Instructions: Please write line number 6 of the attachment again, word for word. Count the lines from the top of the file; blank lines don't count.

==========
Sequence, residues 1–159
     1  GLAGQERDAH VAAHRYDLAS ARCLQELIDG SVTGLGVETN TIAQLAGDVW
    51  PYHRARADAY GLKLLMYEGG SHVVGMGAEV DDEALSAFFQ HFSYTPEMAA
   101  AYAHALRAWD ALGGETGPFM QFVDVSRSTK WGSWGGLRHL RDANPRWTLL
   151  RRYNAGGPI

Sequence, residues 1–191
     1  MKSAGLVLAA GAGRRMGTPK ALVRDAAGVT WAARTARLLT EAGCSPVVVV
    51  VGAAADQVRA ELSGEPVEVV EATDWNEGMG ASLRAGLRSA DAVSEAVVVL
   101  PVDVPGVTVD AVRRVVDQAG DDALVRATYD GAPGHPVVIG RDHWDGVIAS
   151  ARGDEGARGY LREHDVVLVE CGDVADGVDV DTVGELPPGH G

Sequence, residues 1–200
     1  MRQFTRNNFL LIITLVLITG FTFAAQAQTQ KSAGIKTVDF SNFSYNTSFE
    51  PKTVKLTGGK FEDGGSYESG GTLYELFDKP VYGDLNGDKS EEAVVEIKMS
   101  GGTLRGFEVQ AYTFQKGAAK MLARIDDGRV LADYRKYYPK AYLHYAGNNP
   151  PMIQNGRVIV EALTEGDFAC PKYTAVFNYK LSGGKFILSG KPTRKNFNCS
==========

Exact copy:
Sequence, residues 1–191